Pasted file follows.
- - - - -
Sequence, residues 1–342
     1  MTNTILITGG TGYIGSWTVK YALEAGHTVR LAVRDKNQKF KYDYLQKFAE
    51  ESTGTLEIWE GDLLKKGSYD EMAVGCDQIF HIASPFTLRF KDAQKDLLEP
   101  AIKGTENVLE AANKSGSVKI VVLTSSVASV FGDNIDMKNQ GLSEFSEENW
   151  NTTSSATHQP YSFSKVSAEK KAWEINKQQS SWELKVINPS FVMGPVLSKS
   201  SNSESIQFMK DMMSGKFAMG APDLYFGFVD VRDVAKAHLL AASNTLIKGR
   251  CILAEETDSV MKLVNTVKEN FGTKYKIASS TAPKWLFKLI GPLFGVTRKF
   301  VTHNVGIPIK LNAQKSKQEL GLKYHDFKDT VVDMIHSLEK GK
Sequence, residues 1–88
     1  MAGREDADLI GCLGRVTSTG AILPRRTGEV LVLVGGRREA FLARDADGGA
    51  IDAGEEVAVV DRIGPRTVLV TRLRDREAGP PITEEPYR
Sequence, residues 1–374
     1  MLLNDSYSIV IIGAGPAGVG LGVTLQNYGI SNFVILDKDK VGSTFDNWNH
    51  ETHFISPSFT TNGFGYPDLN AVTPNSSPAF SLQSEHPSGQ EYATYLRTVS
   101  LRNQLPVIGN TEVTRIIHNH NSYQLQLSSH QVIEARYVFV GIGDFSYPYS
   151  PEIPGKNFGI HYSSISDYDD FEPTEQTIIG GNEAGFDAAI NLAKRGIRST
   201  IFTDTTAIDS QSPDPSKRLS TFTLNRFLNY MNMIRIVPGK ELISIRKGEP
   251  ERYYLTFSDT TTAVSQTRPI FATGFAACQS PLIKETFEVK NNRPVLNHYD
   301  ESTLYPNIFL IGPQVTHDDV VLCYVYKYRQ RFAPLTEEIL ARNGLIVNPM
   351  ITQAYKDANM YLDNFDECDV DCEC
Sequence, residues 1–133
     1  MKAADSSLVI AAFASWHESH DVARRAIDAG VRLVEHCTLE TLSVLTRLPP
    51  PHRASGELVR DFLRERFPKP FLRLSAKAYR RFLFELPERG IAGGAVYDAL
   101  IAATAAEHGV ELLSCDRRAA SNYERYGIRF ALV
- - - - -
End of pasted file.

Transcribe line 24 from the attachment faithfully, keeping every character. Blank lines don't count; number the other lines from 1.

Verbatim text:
   101  IAATAAEHGV ELLSCDRRAA SNYERYGIRF ALV